I've always wanted to interview Google CEO Eric Schmidt one-on-one, and this week I finally got the chance.
I learned that he was going to be making a bigannouncement at a health care trade show on Thursday and a Google spokesman promised me I would get a "one-on-one" interview with him in private afterward if I flew out to Orlando, Fla., from San Francisco for the event.
That Schmidt was sitting down with me proved even billionaires can let bygones be bygones. Our professional relationship got off to a rocky start shortly after I joined CNET News.com in mid-2005. OK, so it was a really rocky start. To refresh your memories: We Googled some personal information about Schmidt and wrote about what we found. He didn't like it, and News.com was on the receiving end of a very stern corporate silent treatment from Google for nearly two months.
Since then, in fairness, my relationship with the search king has been considerably better. But a sit down with Mr. Schmidt? Of course, I'd fly cross-country, even if there's a certain absurdity to flying 2,500 miles to interview a guy who works about 40 miles from my office.
I had a list of questions: I was eager to ask Schmidt aboutand how Google will weather a recession given that lending companies appear to be cutting their ad spending, how Google's going to monetize YouTube and, of course, how it plans to counter a Microsoft-Yahoo tie-up if that should happen.
My editors agreed to send me to the Healthcare Information and Management Systems Society (HIMSS) 2008 annual conference. I got a last-minute ticket and stocked up with camera, digital recorder, and the list of questions. I arrived a day early to do aand get my footing.
The morning of Schmidt's keynote I woke up at 3 a.m. and couldn't get back to sleep, so I was in my near front-row seat well in advance. After covering the keynote and the news conference afterward, I waited for a Google spokesman to take me to see Schmidt. Walking to a green room in the Orange County Convention Center, the Google spokesman told me I could only ask questions about Google Health.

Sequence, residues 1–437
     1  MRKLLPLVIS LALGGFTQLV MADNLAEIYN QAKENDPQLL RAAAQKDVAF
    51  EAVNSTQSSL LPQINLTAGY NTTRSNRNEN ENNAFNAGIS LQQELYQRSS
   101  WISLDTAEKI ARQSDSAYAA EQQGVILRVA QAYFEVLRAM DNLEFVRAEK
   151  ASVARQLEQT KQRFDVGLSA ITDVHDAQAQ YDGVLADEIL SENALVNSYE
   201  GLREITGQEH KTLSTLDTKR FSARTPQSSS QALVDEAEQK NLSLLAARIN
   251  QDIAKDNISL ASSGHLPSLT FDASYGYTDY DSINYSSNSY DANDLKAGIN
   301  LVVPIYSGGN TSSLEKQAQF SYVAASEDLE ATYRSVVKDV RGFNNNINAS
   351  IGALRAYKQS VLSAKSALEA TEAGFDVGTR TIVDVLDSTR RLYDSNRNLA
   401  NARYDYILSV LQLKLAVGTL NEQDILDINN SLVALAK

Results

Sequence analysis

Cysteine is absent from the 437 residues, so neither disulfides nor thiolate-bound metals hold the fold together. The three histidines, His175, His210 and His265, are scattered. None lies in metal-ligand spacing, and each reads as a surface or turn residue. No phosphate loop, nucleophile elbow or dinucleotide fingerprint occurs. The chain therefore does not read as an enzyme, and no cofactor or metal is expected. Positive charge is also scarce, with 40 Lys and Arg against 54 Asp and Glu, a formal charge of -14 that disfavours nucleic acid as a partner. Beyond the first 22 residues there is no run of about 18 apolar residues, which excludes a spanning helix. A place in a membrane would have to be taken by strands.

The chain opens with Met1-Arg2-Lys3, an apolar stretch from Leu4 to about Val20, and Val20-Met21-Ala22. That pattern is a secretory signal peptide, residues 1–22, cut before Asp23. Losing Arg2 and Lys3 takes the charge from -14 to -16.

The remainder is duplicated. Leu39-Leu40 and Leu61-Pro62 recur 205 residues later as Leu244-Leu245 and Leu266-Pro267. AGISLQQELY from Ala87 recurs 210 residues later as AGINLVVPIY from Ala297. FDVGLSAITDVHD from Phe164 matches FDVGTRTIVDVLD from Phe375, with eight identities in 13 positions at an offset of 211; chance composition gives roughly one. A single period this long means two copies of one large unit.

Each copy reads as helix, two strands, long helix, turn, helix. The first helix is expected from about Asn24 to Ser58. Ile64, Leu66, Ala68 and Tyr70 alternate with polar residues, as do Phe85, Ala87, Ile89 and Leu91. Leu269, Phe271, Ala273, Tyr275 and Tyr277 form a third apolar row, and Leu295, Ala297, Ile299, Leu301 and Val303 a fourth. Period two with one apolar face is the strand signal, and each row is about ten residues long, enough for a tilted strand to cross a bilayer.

What?! I asked the spokesman if he was serious, and he said "yes." This wasn't what I was expecting. What is Google afraid of?
Schmidt greeted me and agreed to let me take several photos. That was nice. I was told I had 12 minutes and I dove in with several probing questions about Google Health (hey, so you play nice and then try to ask the real questions).
Was it difficult for Google to get health industry players like Aetna, Quest Diagnostics, and Walgreens onboard? "It took a while," he said, adding that Google lined up health experts to be on an advisory health council and they are integrating their systems to work with Google's GData. "It was OK. It wasn't that hard."
How significant to Google was this project? "We prioritized...(looked at) what do people actually do with search in terms of the volume, and the importance of health came out No. 1...We tend to think of Google Health as an extension of search. You could argue it's also an application."
Like with Google News, Schmidt said he hopes that Google Health will lead to more people using Google search and clicking on ads. "Every month we say to ourselves should we add ads to Google News or add more news features to Google News and every month we decide to add more Google news features because...we make so much money from people just using Google search that we don't need to get the extra money from News...A Google News user is more likely to be a Google searcher and therefore clicks on ads more."